I have read reports from America where parts of the usa have the same climate as Perth, find that fortuniana works well for them.

I can tell you with all my roses planted in the ground, receiving the same care attention, only those on fortuniana have kept up the pace. Replacing those on non fortuniana, has proven to be the best thing, while the others stayed stunted and always looked sickly, the new ones have taken off and have shown great signs already.

Anyways these are my thoughts, I do express that I am a novice but have gained a lot of knowledge from this forum, books and especially the web sunny
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Re: 3 new babies

Post by Ozeboy on 2nd April 2013, 06:24

Paulh, I have also read a lot regarding the virtues of Fortuniana in the States and claims it resists bad nemotodes very well. It's roots have been found to be 25' long which would suggest it's ideal for sandy soils where moisture is very limited. I respect your local knowledge despite being a beginner. What would I know looking at the situation from NSW. We do get a lot of plants failing to thrive here on Dr Huey and Multiflora attributed to poor care, less than perfect budding etc. I can't blame a lot of failures on incorrect choice of understocks.

My friend over in WA is one of the most knowledgeable rose growers in the country and cares for some very fragile almost lost roses and propagates all on their own roots claiming how wonderful they grow.
Other propagators like the famous Tea Ladies who's book is quite famous all over amoungst rose people also claim great success growing ownroot roses. These are passionate people concerning roses with years of knowledge and in some cases 2nd and 3rd generation rose people. Why do these people with large gardens get such good results planting in WA soils? Would appear their roses grow well and survive in the same soil you find find only suitable for the Fortuniana roses.
As mentioned my soil is suitable for growing Waratahs but all the common used roses for understocks do well here.
Most soils found throughout Australia need additives to get the best results, some rose growers totally replace all the soil. Others start composting and mulching at a great rate to change the soil in their suburban yards. This could be the reason people over there have good success with ownroot roses.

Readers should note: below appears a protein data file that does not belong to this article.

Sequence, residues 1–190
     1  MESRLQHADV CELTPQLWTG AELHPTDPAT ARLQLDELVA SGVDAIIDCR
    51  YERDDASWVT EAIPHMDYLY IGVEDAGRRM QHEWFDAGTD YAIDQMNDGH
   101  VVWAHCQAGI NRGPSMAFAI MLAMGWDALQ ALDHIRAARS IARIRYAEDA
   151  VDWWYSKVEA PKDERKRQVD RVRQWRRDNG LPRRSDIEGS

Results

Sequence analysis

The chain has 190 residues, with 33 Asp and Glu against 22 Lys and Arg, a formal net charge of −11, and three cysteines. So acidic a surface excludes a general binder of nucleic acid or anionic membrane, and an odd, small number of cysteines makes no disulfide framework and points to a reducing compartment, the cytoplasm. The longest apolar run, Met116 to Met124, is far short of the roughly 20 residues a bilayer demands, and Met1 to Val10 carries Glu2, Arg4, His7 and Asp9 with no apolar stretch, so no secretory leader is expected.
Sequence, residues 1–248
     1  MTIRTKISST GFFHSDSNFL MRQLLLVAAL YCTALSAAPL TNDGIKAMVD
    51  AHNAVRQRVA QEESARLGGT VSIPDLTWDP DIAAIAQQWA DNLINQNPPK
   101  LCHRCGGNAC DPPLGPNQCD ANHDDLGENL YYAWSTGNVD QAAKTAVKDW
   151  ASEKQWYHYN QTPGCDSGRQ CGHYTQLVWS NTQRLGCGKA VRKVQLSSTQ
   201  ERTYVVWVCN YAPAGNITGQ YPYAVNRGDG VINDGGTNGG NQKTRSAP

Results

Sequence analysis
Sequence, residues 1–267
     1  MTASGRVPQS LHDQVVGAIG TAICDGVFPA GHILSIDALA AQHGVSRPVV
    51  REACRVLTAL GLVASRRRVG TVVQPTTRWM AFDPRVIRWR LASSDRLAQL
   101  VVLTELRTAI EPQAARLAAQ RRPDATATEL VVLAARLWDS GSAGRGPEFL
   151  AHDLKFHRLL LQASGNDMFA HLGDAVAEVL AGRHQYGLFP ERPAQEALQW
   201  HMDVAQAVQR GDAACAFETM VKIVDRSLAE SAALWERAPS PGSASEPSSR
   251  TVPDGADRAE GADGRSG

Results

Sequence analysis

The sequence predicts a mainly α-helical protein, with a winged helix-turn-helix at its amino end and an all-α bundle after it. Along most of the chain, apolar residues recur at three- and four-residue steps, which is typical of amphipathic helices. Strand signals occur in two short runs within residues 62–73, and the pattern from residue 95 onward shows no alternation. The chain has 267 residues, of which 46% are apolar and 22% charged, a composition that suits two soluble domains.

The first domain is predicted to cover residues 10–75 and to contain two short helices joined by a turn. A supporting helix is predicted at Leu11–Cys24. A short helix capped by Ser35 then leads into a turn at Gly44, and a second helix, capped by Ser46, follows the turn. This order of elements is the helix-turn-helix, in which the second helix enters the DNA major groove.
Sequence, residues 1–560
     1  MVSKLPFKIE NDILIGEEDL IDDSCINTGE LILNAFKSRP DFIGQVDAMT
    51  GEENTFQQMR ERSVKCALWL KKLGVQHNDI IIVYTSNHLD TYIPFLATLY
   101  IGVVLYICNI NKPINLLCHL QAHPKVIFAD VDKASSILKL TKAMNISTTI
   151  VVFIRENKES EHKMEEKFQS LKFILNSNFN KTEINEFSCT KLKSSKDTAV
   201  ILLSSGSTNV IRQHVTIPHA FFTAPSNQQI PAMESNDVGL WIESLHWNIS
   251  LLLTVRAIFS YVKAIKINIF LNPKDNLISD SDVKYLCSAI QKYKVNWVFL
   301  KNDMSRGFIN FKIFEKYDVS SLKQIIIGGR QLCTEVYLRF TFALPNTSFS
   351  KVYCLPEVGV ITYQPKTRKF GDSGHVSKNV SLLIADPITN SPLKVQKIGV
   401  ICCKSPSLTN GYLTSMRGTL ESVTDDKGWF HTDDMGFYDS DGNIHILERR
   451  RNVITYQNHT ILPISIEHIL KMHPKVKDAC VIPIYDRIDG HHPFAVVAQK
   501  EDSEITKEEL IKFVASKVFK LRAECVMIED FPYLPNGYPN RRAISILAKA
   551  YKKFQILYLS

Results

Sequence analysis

I'm not a beginner but still learning after grafting roses for the past 30 odd years. I grow a great variety of roses on all types of understocks including some specially bred for that purpose. I've grown roses in beach sand next to the pacific ocean with good results
I respect the commercial growers in your state as very knowledgeable people growing for local condittions.

I wouldn't be human if I didn't question why roses grow so well on there own roots in WA.

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Re: 3 new babies

Post by silkyfizz on 2nd April 2013, 11:39

Ozeboy, that book by the Tea Ladies sounds fascinating. Can you tell me the name of the book. Are the authors "Tea Ladies"? I'd like to track down a copy.
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Re: 3 new babies

Post by The Lazy Rosarian on 2nd April 2013, 12:09

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There you are Silky
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Re: 3 new babies

Post by Carole on 2nd April 2013, 12:39

It is a good book Silky , I got it for David a few years ago when it first came out.
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Re: 3 new babies

Post by silkyfizz on 2nd April 2013, 13:08

Thank you Roseman

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Re: 3 new babies

Post by Ozeboy on 2nd April 2013, 16:18

Silky, David has come to the rescue with the Tea Lady book information. Do buy it for this group of roses are very suitable for the warmer parts of Australia and are very healthy.
I particularly like 'Mrs B R Cant', 'G Nabbonand' (Jean Ducher), 'Peace 1902',' Comtesse de Labarthe' and the wonderfully fragrant 'Devonensis'. It will also be a plesant change seeing your posts as you experience this wonderful group of roses. They grow so well in WA and tolerate the warm humid condittions in Qld very well.
You will see 'Mademoiselle de Sombreuil' listed which was bred after the French Revolution and this rose is named after her. She tried desperately to have her father released but unfortunatly he went to the Guillotine despite all her efforts. There are two roses supposed to be the correct one and I grow them both.
Go for it Silky you won't be sorry.

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Re: 3 new babies

Post by silkyfizz on 2nd April 2013, 21:22

Thanks Ozeboy, I will try and get it. You mention that Tea roses grow well in the warmer parts of Australia, but I'm in Melbourne, how do they go down here? I'm looking up the ones you mention too.
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Re: 3 new babies

Post by Carole on 2nd April 2013, 23:34

Not sure but I thought they grew well in Tasmania. as I said I am not sure.
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Re: 3 new babies

Post by Ozeboy on 3rd April 2013, 09:58

They grow in Tasmania but really suit the dry parts of WA and humid Queensland. We have some good growers in Qld who are very active on this forum when time permits. Balinbear has a fantastic garden which has to be seen to be believed. Look back amongst the older posts for Gary's pictures.

I have sent a number of Tea's to Melbourne and heard back how well 'Mrs. B R Cant' has grown. Be aware these are larger roses that don't like being pruned as they are ever green and don't go dormant in winter like the HT's you have experience with. Careful slow pruning a cane at a time to keep them under control.
Do dead head if not breeding to encourage blooming. Some of the best flushes are seen in winter when the HT's are just leafless sticks.

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Re: 3 new babies